The German Shepherd (Sheffer) is intelligent enough to develop this far, but they like routine more than the others. Once they make up their minds i.e. which technique or method to use, they don’t let go of it to easily. On the other hand, these are traits which come very useful in drug searches or Schutzhund. It is also common with this breed that they don’t like to go to far away from their leader or pack and therefore they tend to take very small search areas. Add to this, that handlers of Sheffers like to keep them close and therefore have tendency, often unaware, to encourage the closeness. These traits are easily overcome and I did so quickly with Ljúfur. He has successfully broken the traditional boundaries of Sheffers when it comes to SAR.
Once a dog has found his subject, figurant, he must decide to let his handler know of it. Not only that, he must do so in a clear message which cannot be misunderstood. Then he must show his handler where the subject is, and if necessary be willing or ready to resume the search if others are missing. In the whole process, which can take quite some time in a real life search and rescue, the dog must be focused the whole time and be able to handle easily all these complicated but intervowen tasks. Or process.
As described, it is obvious that SAR training, which can easily take two and up to four years, requires diligence, insight, skill, self-understanding and patience. Technique has little to do with success here as personal interest, skill and self assurance has more to do with it. All in all, successful SAR trainers are more like artists than technicians. It goes without saying, that being a SAR trainer myself, I have a passion for this artform and not only skill but have acquired a level of competence which has enabled me to successfully guide others and even pass my skills of guiding onto others.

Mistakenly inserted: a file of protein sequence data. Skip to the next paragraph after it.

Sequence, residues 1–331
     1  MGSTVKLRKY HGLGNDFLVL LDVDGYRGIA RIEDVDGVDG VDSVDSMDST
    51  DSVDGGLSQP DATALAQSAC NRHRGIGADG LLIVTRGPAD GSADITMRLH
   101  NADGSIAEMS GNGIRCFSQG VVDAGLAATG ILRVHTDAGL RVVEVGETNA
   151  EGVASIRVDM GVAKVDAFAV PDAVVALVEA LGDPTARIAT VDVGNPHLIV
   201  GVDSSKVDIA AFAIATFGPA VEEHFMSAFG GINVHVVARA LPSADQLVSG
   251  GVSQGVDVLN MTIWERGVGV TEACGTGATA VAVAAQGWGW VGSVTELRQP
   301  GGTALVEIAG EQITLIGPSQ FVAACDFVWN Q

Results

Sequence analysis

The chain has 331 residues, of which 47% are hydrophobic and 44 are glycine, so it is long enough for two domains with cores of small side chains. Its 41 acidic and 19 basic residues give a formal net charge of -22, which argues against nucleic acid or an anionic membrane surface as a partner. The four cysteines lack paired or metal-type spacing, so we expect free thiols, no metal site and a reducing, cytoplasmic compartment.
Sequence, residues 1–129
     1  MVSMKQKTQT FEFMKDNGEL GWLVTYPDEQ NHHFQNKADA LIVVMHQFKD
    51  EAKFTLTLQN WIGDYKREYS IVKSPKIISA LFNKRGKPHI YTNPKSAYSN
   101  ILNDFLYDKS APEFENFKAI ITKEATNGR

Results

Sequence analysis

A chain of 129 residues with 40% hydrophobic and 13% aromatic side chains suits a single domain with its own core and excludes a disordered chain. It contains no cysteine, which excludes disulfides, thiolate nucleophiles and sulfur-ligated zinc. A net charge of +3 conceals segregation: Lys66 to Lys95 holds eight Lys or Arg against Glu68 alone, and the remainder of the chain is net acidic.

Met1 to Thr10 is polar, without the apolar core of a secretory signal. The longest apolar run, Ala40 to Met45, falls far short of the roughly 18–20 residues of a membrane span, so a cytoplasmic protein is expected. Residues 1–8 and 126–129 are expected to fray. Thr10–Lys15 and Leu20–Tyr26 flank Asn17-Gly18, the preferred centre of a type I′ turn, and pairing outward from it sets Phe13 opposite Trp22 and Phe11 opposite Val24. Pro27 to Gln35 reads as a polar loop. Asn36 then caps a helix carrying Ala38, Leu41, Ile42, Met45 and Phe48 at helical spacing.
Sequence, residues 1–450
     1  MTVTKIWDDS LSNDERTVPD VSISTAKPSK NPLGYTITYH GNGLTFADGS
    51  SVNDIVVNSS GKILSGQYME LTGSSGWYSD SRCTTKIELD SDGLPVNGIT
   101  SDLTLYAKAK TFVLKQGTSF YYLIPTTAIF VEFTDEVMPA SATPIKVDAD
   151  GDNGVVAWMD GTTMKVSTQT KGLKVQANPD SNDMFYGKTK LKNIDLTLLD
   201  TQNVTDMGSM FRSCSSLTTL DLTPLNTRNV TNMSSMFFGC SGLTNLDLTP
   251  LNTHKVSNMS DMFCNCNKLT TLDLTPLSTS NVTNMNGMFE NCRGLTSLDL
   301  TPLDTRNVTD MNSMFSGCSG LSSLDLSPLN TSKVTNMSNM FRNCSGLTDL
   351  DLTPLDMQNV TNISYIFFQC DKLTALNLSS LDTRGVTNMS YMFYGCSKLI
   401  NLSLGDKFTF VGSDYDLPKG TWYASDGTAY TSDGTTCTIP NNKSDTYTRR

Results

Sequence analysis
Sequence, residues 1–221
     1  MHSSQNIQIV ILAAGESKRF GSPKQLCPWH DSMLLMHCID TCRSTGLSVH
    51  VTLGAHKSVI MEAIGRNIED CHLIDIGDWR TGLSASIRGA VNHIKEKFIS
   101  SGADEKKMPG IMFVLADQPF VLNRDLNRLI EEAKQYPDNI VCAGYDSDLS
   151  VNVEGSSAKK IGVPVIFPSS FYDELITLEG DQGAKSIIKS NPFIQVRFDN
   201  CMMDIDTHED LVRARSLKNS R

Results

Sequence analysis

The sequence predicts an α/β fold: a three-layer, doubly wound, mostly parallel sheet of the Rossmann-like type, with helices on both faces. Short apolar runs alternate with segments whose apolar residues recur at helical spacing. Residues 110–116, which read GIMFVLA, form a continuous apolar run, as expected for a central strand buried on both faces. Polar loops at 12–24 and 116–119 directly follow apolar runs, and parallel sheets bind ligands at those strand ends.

For all of these reasons it is probably obvious that taking a break, even for months, was not an option for me or for my dogs. Particularly when considering Salka and Ljúfur. They are both excellent in this field and have even with minimal preparation been able to work a search area together as a team with me as a handler. Ljúfur has also proven himself, in his middle aged years, to be able to work a field with another handler with no preparation and regardless of intrusion into the search both by me and also by the other handlers dog. He is simply amazing.
This is the reason I decided to keep SAR training alive though I was severely depressed and felt unable to develop my usual home-training with the dogs. It pained me at times to maintain this decision but every time I tried to break away with it I realized the need to stay put. Through the months I attended SAR sessions, helped members of my group, taught and guided, and the group continued successfully on their path. Some war stories from that year are amazing and it is tempting to stray into them. But alas, another time perhaps.
My dogs, Ljúfur and Salka, continued step by step in SAR, they kept their stance and incrementally improved themselves. I had no time to keep Káta going so she has slided but before that she was excellent in tracking, promising in field search and very good in snow-avalanches. As stated before, Birta’s ambition is Schutzhund, so she hasn’t been introduced to SAR. But! She has alwasy accompanied the pack to sessions and been able to meet the other dogs and play with them.
At some point I decided that perhaps she should have a taste of tracking. She was at the time only fourteen months old. Her first track was perhaps ten meters. Ten days later we laid another track about fifteen meters. Then I didn’t do anything with her for two weeks. I wasn’t even considering to develop this with her. I was simply waiting for my depression to whither and for her to mature a bit and then we would begin some home training in my garden and neighborhood to lay her foundations.
One afternoon at a SAR session something happened. All dogs had finished their training, the group was reminiscing and all dogs where let out of the cars to mingle together. Birta immediately attacked me and wouldn’t let go. She jumped at me, gnawed at my sleeves, tried to pull me away from the group. She barked at me, something she hadn’t done since three months old, and in fact she was intolerable. The dog was simply out of control!